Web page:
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Mutually Agreed Norms for Routing Security (MANRS) 22 May 2019

Improving Routing Security: Microsoft Joins MANRS

Salam Yamout
By Salam YamoutRegional Bureau Director, Middle East

In November, a routing incident in Nigeria caused Internet traffic to be rerouted through Russia and China. It lasted for just over an hour, but during that time, it significantly affected some cloud and search services globally, including Spotify and Google’s Search. It was one of more than 10,000 incidents, such as route hijacking and leaks, that occurred in 2018. Past events have led to large-scale Denial of Service attacks, stolen data, and financial losses.

The global routing system is the backbone of the Internet. It determines how everything – from email messages to videoconferences to website content – moves from network to network. The November event, caused by a configuration mistake with a small ISP in Nigeria, shows that routing incidents can have significant global effects – impacting the security of the Internet itself.

A number of network operators around the world – including Oracle, GÉANT, and Comcast – have joined MANRS to address these types of routing threats. The Mutually Agreed Norms for Routing Security (MANRS) initiative, supported by the Internet Society, does this through technical and collaborative action across the Internet. Those who join agree to take meaningful action to keep the Internet safe for everyone – by taking four concrete steps to improve routing resiliency.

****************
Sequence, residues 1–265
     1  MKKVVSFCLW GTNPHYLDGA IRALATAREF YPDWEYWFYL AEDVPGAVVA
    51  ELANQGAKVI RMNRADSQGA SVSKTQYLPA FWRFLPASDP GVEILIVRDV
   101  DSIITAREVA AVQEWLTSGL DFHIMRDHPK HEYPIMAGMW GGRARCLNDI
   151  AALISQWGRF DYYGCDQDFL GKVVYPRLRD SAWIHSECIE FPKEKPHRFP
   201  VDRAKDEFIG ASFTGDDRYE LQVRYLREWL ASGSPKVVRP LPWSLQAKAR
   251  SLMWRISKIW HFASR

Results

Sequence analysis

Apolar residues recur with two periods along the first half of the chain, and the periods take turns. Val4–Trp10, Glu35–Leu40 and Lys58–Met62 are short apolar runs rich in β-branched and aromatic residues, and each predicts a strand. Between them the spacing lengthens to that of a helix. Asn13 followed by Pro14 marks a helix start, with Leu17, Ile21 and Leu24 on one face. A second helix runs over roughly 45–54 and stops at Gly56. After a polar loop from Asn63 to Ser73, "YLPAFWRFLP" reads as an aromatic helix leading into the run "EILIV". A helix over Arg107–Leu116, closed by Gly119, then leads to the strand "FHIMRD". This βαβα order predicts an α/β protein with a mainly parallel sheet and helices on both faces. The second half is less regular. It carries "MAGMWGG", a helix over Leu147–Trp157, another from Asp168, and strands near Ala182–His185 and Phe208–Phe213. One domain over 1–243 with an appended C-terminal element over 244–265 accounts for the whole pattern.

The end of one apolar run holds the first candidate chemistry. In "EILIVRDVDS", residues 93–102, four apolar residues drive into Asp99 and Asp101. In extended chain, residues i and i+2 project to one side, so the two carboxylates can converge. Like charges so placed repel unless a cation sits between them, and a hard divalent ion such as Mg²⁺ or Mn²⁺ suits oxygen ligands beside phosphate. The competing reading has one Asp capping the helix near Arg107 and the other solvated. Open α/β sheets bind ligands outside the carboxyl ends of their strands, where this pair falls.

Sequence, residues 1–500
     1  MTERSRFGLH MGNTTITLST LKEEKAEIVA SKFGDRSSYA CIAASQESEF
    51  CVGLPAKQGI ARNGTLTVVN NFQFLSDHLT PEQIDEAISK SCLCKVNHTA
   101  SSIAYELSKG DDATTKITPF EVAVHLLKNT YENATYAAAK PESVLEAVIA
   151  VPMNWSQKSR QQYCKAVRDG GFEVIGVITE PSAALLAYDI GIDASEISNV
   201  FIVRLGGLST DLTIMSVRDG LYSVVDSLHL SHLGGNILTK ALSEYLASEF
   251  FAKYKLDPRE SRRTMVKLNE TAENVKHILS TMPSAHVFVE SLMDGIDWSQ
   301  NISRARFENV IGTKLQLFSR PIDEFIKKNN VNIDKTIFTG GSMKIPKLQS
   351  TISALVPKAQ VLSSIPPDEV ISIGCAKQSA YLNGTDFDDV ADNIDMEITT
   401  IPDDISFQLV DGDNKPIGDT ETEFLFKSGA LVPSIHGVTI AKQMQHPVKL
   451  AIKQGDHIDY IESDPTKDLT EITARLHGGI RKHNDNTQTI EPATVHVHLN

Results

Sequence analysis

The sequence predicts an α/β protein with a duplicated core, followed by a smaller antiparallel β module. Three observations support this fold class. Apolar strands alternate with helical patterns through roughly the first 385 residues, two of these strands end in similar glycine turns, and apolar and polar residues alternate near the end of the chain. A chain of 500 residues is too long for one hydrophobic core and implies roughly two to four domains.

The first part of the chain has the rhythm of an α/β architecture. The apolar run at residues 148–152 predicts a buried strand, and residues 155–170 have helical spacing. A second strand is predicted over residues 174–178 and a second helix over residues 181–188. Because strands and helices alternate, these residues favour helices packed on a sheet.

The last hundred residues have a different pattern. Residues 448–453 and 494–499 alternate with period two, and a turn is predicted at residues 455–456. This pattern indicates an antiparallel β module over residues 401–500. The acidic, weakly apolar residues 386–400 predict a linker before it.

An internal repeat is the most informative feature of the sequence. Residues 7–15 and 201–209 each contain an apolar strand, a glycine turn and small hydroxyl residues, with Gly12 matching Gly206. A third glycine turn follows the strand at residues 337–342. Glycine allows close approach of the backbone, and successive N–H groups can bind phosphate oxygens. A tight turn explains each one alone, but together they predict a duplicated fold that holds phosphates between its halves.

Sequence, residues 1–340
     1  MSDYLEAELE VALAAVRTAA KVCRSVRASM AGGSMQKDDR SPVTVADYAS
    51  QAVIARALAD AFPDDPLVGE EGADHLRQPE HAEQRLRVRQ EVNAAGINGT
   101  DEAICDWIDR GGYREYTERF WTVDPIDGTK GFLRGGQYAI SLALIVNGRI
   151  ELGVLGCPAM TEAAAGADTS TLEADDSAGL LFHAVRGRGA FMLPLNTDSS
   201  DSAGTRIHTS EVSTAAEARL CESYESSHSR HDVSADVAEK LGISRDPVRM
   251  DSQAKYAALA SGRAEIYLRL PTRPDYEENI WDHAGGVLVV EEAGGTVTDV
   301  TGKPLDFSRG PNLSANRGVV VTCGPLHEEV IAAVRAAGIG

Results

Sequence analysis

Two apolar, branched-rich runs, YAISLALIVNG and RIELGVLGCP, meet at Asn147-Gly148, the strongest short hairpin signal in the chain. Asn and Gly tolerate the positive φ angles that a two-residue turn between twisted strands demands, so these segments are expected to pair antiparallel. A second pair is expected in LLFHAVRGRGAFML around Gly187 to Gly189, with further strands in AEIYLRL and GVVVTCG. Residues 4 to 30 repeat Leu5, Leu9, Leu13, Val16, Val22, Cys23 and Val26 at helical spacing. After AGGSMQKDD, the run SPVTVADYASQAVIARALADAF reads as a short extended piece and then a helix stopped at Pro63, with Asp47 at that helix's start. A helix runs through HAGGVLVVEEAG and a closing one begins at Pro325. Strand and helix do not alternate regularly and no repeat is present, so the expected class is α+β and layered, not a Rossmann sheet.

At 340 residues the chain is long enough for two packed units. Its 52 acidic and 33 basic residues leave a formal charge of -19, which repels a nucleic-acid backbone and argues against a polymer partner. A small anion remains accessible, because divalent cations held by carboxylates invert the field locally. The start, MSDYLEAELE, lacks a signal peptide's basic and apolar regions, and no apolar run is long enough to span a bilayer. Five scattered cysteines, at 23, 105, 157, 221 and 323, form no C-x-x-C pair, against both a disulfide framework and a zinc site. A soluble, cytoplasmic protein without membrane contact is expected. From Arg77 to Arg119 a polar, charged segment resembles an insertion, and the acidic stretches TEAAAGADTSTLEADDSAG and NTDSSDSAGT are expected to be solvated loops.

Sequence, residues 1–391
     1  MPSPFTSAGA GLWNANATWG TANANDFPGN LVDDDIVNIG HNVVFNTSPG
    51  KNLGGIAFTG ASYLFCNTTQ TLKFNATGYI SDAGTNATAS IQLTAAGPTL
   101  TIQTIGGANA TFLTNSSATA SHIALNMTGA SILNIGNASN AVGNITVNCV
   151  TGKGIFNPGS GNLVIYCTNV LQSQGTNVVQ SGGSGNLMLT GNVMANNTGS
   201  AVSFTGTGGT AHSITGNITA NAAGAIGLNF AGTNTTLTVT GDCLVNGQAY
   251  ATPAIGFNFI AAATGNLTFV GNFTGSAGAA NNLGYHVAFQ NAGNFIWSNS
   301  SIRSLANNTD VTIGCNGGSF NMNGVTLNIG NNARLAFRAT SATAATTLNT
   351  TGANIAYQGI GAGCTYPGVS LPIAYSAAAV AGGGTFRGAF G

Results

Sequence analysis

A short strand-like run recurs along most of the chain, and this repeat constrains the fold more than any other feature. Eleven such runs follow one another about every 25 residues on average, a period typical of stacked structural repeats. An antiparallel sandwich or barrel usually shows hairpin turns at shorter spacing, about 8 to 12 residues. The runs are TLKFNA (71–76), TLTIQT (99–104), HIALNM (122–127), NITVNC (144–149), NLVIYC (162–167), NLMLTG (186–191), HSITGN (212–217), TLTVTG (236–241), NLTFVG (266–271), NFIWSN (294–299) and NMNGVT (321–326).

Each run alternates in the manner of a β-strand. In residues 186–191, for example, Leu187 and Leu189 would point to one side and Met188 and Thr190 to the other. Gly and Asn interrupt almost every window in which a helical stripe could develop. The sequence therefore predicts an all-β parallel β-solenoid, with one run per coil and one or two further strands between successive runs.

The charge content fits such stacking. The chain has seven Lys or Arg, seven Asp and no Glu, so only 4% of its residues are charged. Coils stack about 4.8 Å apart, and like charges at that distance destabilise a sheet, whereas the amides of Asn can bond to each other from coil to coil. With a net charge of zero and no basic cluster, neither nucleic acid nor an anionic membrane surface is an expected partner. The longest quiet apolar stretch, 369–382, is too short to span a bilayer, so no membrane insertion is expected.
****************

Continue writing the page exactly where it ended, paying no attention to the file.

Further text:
We are pleased to announce that Microsoft is one of the latest to join the MANRS initiative – working with other industry giants to improve routing security globally. They join a community of security-minded organizations committed to making the global routing infrastructure – and the Internet itself – more robust and secure.

“Microsoft has long been committed to increasing cybersecurity online. We are therefore excited to be joining the MANRS community in addressing the very real challenges related to routing security, which impact businesses and consumers on a daily basis. In addition to having implemented the existing MANRS framework in our operations, we are also partnering with Internet Society, the Cybersecurity Tech Accord, and others to examine how actors beyond network operators and IXPs can effectively contribute to routing security,” said Yousef Khalidi, Corporate Vice President, Azure Networking.

Collaboration and shared responsibility are key to the success of MANRS. So far 152 network operators and 32 IXPs have signed on. By joining, these companies are working hard to secure the fabric of the Internet.

Routing security is vital to the future and stability of the Internet. We’re thrilled that Microsoft has joined MANRS, and we hope that they will lead the way for other network operators around the world.

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Disclaimer: Viewpoints expressed in this post are those of the author and may or may not reflect official Internet Society positions.

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